Nor are the RBA likely to cut interest rates any lower in response to the slowing conditions, as they would not wish to make borrowing cheaper and fuel the anomalous, steep, appreciation in House Prices, especially in major cities like Sydney and Melbourne.

Westpac note that finding themselves between the horns of a dilemma the Bank will likely do nothing.


Rising Commodity Prices

The main single factor behind current Australian growth comes from the familiar source of its abundant natural resources.

Commodities rebounded from historic lows in 2016 with Iron Ore, Australia’s biggest single export seeing a very substantial increase over the period since then.

These have supported high levels of growth over the last 12 months and are a considerable source of hope for future economic growth.

However, despite this, Westpac are circumspect about both the sustainability of the rises and the trickle-down effect in terms of wages and investment.

They point to caution from mining companies as a sign they do not expect price gains to last.

“Mining companies are cautious about the sustainability of current prices (we believe appropriately so) so investment and employment has been slow to respond.”

Indeed, it appears that a large part of the increase in Iron Ore prices has been as a result of rampant speculation on Chinese futures exchanges as well as stockpiling ahead of expected higher prices and fear of Renminbi devaluation.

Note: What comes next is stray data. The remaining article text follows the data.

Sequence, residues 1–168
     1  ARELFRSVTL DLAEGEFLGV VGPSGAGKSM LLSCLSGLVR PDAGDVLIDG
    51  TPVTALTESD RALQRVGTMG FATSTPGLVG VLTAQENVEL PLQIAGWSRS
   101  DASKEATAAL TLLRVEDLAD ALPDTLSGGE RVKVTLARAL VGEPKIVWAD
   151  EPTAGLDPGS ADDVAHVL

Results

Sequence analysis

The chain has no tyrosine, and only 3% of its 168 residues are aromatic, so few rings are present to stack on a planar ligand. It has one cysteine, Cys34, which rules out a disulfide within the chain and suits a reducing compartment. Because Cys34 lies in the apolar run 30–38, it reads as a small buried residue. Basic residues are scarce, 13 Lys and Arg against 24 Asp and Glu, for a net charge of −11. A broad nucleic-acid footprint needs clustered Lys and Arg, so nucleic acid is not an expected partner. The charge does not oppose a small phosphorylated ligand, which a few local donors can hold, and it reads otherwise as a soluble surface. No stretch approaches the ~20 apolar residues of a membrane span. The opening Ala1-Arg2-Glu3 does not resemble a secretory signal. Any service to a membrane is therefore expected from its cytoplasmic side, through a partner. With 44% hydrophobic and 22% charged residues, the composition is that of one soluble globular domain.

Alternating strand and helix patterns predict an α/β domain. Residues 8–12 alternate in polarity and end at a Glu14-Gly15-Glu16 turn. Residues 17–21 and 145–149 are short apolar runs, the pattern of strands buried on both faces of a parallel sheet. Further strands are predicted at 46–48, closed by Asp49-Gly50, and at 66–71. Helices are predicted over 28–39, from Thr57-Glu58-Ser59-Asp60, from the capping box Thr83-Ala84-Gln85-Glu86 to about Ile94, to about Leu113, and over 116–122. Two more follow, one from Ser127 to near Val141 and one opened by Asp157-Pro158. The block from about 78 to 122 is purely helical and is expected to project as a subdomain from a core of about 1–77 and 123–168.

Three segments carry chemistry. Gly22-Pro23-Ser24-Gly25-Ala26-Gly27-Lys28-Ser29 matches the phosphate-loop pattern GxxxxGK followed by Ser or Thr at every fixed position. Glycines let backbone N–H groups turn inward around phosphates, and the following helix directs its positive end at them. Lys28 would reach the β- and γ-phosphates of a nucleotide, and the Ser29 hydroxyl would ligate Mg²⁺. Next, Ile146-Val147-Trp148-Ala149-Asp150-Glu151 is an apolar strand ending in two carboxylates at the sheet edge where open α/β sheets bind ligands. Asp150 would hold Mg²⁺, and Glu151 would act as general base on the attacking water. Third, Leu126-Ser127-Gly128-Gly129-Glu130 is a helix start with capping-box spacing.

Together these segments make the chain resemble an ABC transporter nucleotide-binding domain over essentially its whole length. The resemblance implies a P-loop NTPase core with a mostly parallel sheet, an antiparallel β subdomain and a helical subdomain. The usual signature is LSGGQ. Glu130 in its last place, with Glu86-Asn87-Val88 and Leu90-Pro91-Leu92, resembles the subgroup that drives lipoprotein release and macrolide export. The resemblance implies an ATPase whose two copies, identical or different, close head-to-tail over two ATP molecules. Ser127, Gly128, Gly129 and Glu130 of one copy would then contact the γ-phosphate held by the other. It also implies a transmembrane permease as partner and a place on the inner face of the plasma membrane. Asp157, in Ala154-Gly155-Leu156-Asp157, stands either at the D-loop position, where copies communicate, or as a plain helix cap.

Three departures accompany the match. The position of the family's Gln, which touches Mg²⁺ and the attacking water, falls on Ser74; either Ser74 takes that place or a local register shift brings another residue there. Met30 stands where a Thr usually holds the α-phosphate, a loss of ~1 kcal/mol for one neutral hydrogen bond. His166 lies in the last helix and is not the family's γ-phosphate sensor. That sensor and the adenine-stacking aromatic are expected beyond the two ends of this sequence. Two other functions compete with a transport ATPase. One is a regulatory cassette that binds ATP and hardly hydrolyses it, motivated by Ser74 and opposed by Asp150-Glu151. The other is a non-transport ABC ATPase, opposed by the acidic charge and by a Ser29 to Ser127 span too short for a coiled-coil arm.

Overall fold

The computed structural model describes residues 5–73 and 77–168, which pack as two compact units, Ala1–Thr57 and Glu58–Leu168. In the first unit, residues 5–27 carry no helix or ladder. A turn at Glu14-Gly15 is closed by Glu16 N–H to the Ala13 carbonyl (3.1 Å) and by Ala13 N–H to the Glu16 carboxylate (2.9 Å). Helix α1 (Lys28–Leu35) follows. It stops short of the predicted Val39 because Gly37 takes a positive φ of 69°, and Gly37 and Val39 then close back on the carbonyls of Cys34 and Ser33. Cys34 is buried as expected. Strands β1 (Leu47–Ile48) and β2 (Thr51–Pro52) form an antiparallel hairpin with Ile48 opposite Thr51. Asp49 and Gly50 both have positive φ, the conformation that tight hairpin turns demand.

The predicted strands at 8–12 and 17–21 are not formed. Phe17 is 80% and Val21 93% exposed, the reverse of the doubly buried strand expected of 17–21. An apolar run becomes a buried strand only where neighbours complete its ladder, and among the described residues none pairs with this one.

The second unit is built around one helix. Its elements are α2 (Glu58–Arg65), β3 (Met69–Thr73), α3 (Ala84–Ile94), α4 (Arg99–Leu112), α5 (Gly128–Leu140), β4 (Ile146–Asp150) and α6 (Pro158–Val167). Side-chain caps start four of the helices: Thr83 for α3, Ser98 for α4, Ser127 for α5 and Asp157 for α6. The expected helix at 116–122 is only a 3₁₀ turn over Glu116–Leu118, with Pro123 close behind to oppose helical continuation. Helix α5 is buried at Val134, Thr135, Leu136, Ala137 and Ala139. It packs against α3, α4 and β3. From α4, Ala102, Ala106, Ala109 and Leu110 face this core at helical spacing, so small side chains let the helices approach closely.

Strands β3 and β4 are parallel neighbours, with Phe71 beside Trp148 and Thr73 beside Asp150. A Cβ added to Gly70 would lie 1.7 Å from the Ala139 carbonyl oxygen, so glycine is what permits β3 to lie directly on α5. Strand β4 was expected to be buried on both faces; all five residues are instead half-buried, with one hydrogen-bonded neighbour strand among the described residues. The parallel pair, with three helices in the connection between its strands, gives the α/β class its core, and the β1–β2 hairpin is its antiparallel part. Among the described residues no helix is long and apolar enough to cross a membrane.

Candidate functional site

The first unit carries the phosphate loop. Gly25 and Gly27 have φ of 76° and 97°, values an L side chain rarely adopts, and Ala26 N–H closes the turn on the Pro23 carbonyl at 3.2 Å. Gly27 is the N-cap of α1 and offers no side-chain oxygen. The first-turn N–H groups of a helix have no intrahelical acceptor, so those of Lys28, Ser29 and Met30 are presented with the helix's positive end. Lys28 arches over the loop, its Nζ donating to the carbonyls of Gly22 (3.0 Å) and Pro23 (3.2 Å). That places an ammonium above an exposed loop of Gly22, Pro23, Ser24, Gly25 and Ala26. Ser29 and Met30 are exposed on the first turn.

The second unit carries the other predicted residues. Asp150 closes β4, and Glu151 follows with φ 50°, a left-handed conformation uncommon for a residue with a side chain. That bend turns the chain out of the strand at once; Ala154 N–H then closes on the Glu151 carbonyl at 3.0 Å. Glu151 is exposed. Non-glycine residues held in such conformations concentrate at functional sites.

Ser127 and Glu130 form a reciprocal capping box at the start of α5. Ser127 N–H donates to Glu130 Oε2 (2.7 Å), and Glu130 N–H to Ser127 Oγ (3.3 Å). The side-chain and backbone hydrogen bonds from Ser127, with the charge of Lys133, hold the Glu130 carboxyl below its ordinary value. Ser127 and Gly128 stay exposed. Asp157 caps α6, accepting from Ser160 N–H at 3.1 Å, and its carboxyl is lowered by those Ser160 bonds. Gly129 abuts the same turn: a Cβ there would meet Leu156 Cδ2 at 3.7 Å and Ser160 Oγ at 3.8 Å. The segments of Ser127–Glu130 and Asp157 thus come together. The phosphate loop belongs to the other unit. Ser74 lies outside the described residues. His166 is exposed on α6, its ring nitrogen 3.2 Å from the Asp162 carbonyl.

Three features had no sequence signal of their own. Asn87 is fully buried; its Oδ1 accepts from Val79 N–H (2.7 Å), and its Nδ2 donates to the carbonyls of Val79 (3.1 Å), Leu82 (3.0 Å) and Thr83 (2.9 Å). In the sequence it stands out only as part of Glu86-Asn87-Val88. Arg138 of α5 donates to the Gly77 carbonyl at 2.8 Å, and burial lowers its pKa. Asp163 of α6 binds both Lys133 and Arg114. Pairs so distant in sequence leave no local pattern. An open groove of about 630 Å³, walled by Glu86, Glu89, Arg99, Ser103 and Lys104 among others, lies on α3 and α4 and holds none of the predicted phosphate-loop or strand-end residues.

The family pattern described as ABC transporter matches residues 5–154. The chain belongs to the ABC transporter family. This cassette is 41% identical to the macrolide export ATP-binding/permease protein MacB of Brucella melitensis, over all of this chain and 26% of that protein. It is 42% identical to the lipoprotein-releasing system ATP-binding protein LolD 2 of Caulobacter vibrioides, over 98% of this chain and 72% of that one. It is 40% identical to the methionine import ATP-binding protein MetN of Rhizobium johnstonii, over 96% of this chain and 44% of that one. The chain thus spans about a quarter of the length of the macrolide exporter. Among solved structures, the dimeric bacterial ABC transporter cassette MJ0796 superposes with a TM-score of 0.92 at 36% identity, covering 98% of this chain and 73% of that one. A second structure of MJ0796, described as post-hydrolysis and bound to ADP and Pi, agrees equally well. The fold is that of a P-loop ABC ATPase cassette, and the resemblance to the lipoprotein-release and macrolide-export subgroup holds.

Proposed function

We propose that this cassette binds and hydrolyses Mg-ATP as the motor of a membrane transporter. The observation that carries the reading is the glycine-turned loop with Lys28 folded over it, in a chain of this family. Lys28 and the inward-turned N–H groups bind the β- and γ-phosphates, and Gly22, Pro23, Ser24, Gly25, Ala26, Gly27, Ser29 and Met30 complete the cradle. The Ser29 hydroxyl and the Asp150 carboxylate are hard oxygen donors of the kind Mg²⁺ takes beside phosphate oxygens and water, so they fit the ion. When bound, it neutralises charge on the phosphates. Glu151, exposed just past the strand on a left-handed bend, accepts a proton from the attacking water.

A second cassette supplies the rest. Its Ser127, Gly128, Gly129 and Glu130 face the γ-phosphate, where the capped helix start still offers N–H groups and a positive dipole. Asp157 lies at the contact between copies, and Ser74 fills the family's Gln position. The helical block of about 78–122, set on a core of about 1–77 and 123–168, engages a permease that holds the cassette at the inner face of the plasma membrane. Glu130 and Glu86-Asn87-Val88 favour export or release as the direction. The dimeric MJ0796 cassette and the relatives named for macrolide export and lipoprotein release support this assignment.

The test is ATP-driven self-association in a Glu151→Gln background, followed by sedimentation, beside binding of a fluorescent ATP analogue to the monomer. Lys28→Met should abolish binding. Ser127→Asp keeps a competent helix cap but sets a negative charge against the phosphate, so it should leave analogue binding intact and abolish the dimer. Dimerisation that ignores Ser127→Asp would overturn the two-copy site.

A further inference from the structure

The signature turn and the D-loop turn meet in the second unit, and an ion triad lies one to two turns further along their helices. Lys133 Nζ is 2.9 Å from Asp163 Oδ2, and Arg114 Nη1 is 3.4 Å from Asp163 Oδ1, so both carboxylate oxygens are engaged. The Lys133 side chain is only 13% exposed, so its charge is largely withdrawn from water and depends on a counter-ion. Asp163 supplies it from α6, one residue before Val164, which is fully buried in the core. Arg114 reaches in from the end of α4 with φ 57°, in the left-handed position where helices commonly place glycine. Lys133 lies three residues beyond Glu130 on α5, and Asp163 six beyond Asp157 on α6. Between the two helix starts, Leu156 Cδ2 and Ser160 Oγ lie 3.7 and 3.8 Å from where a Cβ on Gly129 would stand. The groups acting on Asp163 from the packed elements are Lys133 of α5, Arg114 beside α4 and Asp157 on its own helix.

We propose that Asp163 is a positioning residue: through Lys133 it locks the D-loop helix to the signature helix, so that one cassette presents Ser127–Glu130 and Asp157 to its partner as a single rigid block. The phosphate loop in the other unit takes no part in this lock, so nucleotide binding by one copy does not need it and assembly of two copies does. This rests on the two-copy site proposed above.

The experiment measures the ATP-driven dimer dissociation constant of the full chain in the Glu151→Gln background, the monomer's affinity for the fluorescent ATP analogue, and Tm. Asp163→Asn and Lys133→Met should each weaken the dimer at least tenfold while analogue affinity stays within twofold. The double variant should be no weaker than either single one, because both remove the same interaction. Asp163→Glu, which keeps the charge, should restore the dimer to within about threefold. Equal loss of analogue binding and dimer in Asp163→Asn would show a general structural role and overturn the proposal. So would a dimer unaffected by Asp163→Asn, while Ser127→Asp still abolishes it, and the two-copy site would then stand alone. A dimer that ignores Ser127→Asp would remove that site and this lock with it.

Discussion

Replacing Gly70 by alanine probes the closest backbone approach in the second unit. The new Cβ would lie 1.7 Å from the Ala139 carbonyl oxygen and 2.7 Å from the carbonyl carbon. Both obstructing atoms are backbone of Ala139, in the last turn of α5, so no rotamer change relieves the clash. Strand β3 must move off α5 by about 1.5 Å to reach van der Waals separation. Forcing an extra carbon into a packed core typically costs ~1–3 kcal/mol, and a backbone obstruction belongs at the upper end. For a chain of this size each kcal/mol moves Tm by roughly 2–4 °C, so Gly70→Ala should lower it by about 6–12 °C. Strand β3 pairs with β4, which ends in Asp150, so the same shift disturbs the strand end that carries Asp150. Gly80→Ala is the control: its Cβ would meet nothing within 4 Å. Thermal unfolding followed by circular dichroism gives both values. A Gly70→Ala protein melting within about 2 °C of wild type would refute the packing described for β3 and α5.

We have notes in other articles on Pound Sterling Live the current trend in China for preferring high grade Iron ore from Brazil to lower grade Aussie ore because it produces cleaner air.

The government is legislating against air pollution so this trend is set to rise and could adversely affect the desirability of Australian Iron Ore, as well as the coal used to coke it in steelmaking. 


Nevertheless, Overall Outlook for Australian Economy “Sound”

Despite labour market and wage incomes remaining a key uncertainty, Westpac describe their overall view of the outlook as “Sound”.

Jobs will be a key variable to this positive view.

“Employment trends have been a key dynamic associated with the shifting momentum in the overall economy over the past two years. In 2015, jobs grew by a brisk 2.6% in response to the labour intensive activity of the home building boom and strength across the service sectors.”

Despite these job gains, the economist notes an element of ‘overshoot’ which is currently rebalancing.

“However, this included an element of overshoot, which gave way to an under-shoot in 2016, with employment up a sluggish 0.8%.”

Sign so far in 2017 are promising.

“Our Westpac Jobs Index points to solid job gains early in 2017, consistent with rising demand across the non-mining economy. However, there is the risk that job outcomes fall short if businesses remain fixated on cost cutting.”